There are further interesting connections of our work to ongoing developments in dimension theory for topological dynamics. Recently, Guentner, Willett and Yu have invented various stronger versions of amenability of discrete group actions on compact metric spaces, see [GuentnerWillettYu14_1, GuentnerWillettYu15]. In particular, they introduced for such actions a notion that may be termed amenability dimension^{1}^{1}1Our choice of this terminology “amenability dimension” is based on an early draft of Guentner, Willett and Yu, where they used the term “amenable” to denote what we call having amenability dimension at most . Since then, they have generalized the notion to what they call “BLR”, which is closely related to the dynamic asymptotic dimension defined in the same paper (see [GuentnerWillettYu15, Remark 4.14]).. This is a dynamical analogue of asymptotic dimension, the finiteness of which may be regarded as a strong form of amenability of the action. The original motivation to introduce amenability dimension was to facilitate the computation of theoretic invariants, and in particular to prove the FarrellJones conjecture or the BaumConnes conjecture in certain cases. In fact, their work is in part inspired by the pioneering work of Bartels, Lück and Reich on the FarrellJones conjecture for hyperbolic groups in [BartelsLuckReich08]. Somewhat surprisingly, there is a theorem among GuentnerWillettYu’s results that showcases the compatibility of amenability dimension with nuclear dimension, in a similar fashion as for Rokhlin dimension. This raises the question to what extent amenability dimension and Rokhlin dimension are related concepts. After examining amenability dimension in rather algebraic terms, we show that for groups with finite dimensional box spaces, the two dimensional invariants are of the same order of magnitude (see Theorem LABEL:dimrok_amdim):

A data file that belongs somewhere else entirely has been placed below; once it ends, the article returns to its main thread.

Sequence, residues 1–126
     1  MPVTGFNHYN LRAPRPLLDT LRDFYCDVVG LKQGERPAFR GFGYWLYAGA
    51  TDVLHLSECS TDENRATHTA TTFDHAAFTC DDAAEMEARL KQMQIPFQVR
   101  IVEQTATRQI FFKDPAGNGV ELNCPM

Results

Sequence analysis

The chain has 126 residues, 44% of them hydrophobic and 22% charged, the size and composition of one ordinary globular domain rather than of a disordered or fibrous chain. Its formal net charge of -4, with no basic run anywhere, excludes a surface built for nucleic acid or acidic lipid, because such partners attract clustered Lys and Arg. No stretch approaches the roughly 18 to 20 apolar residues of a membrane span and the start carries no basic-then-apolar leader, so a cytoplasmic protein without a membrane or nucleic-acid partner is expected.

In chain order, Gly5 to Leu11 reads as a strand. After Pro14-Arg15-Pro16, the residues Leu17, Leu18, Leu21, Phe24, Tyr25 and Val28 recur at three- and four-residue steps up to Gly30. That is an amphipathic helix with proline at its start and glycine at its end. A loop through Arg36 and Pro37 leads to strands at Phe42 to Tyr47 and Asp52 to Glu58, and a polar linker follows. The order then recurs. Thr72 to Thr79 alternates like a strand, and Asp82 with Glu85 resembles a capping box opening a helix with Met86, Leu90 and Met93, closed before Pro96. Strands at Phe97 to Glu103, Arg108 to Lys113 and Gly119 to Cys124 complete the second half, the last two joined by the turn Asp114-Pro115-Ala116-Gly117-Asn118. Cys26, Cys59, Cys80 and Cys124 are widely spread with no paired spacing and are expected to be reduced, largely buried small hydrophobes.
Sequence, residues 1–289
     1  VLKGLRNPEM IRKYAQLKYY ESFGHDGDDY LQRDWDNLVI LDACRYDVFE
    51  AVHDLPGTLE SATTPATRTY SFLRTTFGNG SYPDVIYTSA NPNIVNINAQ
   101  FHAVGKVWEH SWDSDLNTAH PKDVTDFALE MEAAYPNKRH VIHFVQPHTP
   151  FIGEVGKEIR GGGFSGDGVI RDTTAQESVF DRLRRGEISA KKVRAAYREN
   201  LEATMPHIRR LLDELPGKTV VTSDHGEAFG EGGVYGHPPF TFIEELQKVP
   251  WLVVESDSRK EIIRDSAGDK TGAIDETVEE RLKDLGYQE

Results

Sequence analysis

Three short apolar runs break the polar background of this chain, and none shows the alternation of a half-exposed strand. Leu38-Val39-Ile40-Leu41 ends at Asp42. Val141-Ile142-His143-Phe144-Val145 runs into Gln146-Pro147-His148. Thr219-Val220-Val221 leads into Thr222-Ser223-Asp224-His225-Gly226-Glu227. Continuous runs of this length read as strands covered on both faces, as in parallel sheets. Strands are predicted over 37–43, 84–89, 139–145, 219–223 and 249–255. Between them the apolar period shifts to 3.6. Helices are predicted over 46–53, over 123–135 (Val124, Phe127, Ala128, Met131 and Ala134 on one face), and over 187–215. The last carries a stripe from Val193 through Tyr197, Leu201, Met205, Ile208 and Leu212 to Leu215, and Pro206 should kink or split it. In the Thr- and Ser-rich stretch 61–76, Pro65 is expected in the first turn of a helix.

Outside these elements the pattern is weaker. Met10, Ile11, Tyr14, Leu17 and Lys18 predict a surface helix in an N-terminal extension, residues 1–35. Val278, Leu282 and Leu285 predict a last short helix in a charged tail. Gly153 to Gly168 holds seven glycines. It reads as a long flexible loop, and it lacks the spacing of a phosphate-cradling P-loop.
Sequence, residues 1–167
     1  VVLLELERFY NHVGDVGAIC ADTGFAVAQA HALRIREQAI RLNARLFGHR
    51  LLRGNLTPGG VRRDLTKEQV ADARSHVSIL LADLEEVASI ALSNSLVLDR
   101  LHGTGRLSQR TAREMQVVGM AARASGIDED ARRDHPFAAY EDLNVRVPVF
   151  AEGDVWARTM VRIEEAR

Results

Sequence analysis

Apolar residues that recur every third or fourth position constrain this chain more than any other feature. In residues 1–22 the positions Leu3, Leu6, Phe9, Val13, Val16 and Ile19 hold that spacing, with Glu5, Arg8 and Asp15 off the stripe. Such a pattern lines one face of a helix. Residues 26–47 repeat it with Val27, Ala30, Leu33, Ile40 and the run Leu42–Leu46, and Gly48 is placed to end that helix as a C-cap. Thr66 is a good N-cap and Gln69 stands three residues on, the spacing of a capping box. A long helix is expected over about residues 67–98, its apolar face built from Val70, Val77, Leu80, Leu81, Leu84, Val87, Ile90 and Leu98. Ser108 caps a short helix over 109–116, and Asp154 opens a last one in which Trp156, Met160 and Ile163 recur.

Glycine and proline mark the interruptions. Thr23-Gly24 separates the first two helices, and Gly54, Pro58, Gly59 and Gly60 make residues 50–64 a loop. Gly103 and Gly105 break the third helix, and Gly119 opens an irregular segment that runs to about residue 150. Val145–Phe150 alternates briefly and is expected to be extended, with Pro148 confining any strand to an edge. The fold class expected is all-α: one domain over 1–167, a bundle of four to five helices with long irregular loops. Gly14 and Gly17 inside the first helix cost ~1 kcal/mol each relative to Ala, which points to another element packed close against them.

Theorem D.
Let be a algebra, a residually finite group admitting a box space with finite asymptotic dimension, and a cocycle action. Then the Rokhlin dimension of is finite if and only if its amenability dimension is finite.
As a major application of this result together with techniques developed in [Szabo14] and some geometric group theory, we extend the finiteness results for Rokhlin dimension to free actions of infinite, finitely generated, nilpotent groups on finite dimensional compact metric spaces, see Corollary LABEL:free_nilpotent_dimnuc. When combined with the astounding recent progress in the Elliott programme by many hands [GongLinNiu14, ElliottNiu15, ElliottGongLinNiu15, TikuisisWhiteWinter15], this shows that a large class of simple transformation group algebras associated to actions of nilpotent groups is classifiable (see Theorem LABEL:crossed_product_classifiable):
Theorem E.
Let be a finitely generated, infinite, nilpotent group and a compact metric space of finite covering dimension. Let be a free and minimal action. Then the transformation group algebra is a simple ASH algebra of topological dimension at most .